In Island County, the COVID infection rate rose again last week to 173 cases per 100,000 people. The rate has steadily increased each week since dipping to 89 infections per 100,000 in late December.
To date, there have been 792 confirmed COVID-19 cases of Stanwood residents and 256 cases of Camano Island residents, according to data from each county.
We are headed in the right direction Snohomish County, but still have a long way to go. COVID case rates have been declining in recent weeks and are currently at 253 per 100,000 population for the two-week period ending Jan. 23.#InItTogether pic.twitter.com/edEkdYZyqn— Snohomish County DEM (@SnoCo_DEM) January 25, 2021
Still in Phase 1
The Puget Sound Region — which contains Stanwood — and the North Region — which contains Camano — will remain in Phase 1, the state Health Department announced Friday. None of the eight regions in the state qualified to advance to Phase 2.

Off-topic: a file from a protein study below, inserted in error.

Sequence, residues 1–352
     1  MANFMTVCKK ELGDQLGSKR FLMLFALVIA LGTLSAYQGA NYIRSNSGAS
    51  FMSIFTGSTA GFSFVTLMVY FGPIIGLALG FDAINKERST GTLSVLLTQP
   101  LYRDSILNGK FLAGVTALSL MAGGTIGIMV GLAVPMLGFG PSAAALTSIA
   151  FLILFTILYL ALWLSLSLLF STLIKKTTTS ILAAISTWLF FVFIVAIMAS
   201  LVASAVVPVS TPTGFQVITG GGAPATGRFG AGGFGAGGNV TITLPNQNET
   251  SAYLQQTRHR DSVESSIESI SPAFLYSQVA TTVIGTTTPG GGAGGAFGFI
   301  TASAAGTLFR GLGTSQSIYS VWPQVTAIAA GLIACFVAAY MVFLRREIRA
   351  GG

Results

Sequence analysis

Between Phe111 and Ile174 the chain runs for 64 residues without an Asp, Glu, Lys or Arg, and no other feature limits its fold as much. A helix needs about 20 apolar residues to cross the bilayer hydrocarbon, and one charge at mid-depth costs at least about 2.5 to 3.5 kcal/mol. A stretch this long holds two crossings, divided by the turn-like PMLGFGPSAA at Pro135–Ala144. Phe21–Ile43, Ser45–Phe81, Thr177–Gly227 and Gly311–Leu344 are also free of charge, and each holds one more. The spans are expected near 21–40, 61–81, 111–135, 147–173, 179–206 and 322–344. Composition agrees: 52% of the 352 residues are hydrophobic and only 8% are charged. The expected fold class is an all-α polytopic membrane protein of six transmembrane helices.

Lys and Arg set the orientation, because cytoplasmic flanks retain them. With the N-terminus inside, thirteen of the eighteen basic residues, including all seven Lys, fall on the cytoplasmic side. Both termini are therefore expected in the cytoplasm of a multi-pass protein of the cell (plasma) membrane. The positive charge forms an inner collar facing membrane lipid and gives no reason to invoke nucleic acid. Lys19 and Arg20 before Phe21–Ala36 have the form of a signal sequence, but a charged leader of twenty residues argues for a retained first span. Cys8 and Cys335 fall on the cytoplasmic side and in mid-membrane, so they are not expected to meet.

In the North Region, new COVID-19 cases increased by 89% over the 14 days prior to Jan. 9, and new hospitalizations increased by 50% in the 14 days prior to Jan. 16, according to the state’s Roadmap to Recovery data dashboard.
A spike in cases in Whatcom County played a role in keeping the four-county North Region from meeting two of the metrics needed to advance to Phase 2 in Gov. Jay Inslee’s Healthy Washington — Roadmap to Recovery plan.
The Puget Sound Region, which includes Snohomish, King and Pierce counties, is also failing the same two criteria. The region had a 23% increase in the rate of new COVID hospital admission rates per 100,000 in the most recent 14-day period, and it saw a 9% decrease in test positivity rate
To meet the new cases and new hospitalizations metrics, regions need to have decreases of at least 10%.
During Phase 1, indoor dining is prohibited and indoor gatherings banned. Gyms are limited to appointment-only and to one customer per 500 square feet, and bowling alleys and other entertainment facilities are restricted to private parties of individual households of no more than six people.
New virus strain found in Snohomish County
Two cases of a new COVID-19 variant have been found in two Snohomish County residents, the state Department of Health, the Snohomish Health District and the University of Washington Medicine Virology Lab confirmed Saturday.